Patrick McElmurry reads a book a week, and visits the DeWitt Library every 10 days to swap out novels.
"Reading takes you places you can never go, and I've traveled a lot because of what I saw in books. And you're able to have these experiences," said Mclemurry, a library patron.
But McElmurry is just one of the DeWitt voters who will decide whether or not to cough up more cash to build a new library and maintain operating costs. And the change isn't cheap.
"I'm a taxpayer too, and nobody wants their taxes to go up. But we believe there are issues we're supporting, and we believe that the DeWitt Library is one of them," said Jennifer Balcom, the DeWitt Library's director.
On May 7th, DeWitt, DeWitt Township, and part of Watertown Township will vote on two millage proposals that together will cost a person that owns a $200,000 home a total of $5655 dollars in taxes, over 25 years. That's $254 dollars every year just for the library.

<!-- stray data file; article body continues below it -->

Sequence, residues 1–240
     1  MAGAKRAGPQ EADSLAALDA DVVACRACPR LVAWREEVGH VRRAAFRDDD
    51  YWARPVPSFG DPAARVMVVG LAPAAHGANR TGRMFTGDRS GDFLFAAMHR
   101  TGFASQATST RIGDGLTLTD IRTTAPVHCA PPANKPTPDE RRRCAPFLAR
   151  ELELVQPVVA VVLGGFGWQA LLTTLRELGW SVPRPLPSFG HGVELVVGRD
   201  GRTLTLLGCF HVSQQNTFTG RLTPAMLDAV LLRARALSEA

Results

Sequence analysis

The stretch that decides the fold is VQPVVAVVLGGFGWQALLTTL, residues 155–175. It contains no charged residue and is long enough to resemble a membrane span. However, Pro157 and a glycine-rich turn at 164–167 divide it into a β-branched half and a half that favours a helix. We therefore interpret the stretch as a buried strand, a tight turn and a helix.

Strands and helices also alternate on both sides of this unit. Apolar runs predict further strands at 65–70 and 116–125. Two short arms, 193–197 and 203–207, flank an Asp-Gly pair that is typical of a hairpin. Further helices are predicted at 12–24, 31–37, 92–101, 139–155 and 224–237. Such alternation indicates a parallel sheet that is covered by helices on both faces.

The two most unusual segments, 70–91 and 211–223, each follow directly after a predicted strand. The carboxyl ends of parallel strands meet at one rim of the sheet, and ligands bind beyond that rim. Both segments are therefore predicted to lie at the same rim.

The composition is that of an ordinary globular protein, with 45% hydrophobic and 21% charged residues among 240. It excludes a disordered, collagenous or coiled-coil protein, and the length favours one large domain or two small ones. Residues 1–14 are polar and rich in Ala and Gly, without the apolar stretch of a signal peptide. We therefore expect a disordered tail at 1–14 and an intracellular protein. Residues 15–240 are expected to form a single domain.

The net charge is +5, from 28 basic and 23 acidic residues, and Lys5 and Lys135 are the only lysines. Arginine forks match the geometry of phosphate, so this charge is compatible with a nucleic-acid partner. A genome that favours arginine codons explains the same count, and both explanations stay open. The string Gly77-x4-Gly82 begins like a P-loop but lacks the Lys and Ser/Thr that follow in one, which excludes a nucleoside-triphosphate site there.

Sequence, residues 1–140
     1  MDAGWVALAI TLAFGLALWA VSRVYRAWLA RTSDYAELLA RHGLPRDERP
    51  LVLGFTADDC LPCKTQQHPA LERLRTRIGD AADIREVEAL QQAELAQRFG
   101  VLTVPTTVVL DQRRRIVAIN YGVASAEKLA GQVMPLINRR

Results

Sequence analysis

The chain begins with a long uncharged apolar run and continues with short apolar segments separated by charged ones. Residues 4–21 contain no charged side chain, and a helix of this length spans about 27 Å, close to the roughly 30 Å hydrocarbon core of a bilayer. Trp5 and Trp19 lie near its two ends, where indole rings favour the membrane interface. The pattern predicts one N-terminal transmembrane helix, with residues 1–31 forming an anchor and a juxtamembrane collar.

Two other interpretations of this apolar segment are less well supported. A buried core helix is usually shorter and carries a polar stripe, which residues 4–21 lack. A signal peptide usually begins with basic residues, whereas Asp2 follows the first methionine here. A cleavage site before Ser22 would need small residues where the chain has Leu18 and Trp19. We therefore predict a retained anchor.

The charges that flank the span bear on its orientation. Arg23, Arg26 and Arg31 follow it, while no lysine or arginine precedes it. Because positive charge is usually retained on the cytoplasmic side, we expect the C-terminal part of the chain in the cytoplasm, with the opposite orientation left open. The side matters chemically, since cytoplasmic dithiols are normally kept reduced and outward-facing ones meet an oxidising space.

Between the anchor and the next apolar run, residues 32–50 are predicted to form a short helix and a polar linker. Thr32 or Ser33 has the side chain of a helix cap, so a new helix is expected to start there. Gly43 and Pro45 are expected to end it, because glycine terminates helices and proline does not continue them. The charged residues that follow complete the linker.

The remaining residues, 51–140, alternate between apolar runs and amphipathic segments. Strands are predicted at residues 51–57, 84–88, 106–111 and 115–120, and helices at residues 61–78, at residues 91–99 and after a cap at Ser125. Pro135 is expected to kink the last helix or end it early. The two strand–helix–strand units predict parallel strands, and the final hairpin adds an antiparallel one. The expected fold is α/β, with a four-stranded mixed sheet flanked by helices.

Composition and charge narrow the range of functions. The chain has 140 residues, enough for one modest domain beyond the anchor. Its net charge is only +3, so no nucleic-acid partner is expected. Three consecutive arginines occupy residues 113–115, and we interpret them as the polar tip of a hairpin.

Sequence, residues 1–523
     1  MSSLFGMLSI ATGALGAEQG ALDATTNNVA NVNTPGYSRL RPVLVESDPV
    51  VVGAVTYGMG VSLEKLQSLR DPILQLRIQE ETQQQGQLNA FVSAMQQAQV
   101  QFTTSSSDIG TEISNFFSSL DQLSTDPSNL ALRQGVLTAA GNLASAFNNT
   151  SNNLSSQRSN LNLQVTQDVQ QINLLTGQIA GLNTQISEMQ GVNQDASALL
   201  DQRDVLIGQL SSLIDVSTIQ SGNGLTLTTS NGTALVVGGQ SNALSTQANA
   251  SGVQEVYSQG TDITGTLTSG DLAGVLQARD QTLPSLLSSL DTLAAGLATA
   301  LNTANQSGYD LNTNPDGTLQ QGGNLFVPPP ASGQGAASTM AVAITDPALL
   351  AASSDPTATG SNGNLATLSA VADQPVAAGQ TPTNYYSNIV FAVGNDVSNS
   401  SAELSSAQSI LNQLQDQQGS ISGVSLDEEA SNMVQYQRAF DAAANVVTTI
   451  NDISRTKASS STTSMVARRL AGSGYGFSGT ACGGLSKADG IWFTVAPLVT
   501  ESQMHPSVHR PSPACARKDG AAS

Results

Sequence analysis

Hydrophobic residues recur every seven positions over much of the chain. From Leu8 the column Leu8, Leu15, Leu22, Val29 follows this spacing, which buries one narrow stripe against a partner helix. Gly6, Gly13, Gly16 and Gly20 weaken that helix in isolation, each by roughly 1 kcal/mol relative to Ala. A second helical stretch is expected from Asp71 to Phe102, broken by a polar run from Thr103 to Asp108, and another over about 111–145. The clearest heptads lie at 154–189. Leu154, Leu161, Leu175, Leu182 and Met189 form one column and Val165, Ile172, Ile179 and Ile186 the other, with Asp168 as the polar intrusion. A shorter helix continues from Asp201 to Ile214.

44% of DeWitt residents have a library card like this one, but some have joined other libraries because they say this one just doesn't have what they need.
This will be the library's third attempt at getting money to meet those needs. Jennifer Balcom, the library's director, says it would allow the library to finally properly serve the community.
"DeWitt is a great community. It has a lot of great assets. And the DeWitt Library is one of the exceptions to that. We are not able to offer the products and services and materials that we should offer to a community of this size," said Balcom.
But for voracious readers like McElmurry the tax increase is well worth it, and he says he will still save money.
"I do not want to pay thirty dollars for every book I want to read... or more. that's why i think it's well worth the value," said Mclemurry.
But for the more than half of population that does not use the library, the tax increase may not be worth it.
The library's director says the increase in operating funds would allow the library to provide new programs for children, more meeting space, and of course... many new books. From 2001-2010 library use increased around 33%. East Lansing just passed a millage proposal last year that came out to 100-dollars a year for the owner of a $200,000 home. And in 2010, voters approved a four-year, one and-a-half mill renewal for the "Capital Area District Library".